Statement from Lois Marie Gibbs:
Superfund was created following the Love Canal crisis in Niagara Falls, NY to primarily protect public health. I know because I was a resident and community leader at Love Canal. I found EPA Administrator Scott Pruitt’s Superfund Task Force Report almost entirely void of public health concerns.
In fact, the report only mentions health six times with four of those in the Executive Summary. The report sounds like a blueprint to involve for bankers, investors and developers and a plan for corporations to reduce cleanup costs and increase profits at the expense of public health. Redevelopment is mentioned 39 times.
There is no mention of the public health risks that exist at these sites or that will be created during the cleanup of a site. The report begins by stating, “the core mission of the Environmental Protection Agency is to protect the health of our citizens and the environment in which we all live.” Yet, there is nothing in this report that begins to address this mission. In fact, the report reads as if there are no people living around these Superfund sites, people who are sick and who care about protecting their children’s health.
Superfund sites are not islands unto themselves. Sites are connected to backyards, fence lines, drinking water sources and schools. Administrator Pruitt and those on the Task Force should be ashamed of their blatant disregard for public health and the innocent families whose health are impacted by these sites. They should reread the mission of the U.S. Environmental Protection Agency and throw this report into the recycling bin and start over.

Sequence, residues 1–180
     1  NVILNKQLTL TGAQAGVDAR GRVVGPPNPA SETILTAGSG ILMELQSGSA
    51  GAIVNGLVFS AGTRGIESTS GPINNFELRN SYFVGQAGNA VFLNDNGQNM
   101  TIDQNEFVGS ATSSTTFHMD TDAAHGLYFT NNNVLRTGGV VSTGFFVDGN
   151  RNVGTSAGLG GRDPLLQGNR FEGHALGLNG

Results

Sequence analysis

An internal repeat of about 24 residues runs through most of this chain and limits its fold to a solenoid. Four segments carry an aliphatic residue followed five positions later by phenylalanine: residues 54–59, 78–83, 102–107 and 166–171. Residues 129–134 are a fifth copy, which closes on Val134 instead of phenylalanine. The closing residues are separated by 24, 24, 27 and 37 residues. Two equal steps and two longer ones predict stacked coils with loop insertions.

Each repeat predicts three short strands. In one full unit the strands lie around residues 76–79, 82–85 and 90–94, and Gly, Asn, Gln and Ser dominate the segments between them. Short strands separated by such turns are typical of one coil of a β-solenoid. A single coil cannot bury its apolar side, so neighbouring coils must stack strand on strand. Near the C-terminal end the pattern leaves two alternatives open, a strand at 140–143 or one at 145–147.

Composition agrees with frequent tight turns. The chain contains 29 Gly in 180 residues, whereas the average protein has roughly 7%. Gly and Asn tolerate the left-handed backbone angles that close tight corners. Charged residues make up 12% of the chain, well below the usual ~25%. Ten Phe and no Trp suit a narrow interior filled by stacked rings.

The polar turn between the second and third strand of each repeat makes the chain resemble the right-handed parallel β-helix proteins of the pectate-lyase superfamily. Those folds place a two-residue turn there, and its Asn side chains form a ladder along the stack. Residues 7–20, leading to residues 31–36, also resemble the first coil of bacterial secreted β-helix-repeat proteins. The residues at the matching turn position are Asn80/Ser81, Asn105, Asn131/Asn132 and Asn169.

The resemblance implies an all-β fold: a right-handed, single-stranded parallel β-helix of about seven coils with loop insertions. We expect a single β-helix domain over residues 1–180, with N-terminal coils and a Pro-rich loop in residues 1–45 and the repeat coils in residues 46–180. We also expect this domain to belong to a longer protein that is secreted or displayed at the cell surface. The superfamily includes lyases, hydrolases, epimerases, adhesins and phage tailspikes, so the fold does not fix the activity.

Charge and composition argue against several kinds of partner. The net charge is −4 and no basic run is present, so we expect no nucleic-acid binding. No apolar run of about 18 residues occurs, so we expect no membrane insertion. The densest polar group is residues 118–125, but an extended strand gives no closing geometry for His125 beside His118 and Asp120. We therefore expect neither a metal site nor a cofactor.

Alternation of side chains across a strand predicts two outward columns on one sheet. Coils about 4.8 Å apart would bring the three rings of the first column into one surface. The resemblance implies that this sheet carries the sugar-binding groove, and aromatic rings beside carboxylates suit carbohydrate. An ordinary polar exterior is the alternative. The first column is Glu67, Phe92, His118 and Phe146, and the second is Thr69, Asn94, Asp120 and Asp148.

We aren’t going to let him get away with this. We will not allow our voices to be drowned out by corporate interests. Superfund victims and activists from sites around the country have come together to create the People’s Task Force to advocate for our recommendations on the future of Superfund, based on our years of on-the-ground experience.
The Center for Health, Environment and Justice has been on the front lines in the fight for environmental health for 40 years. We train and support local activists across the country and build local, state and national initiatives that win on issues from Superfund to climate change.
By Gregory Kolen II. Environmental justice is an issue that affects everyone, but those who bear the brunt of it are often the most vulnerable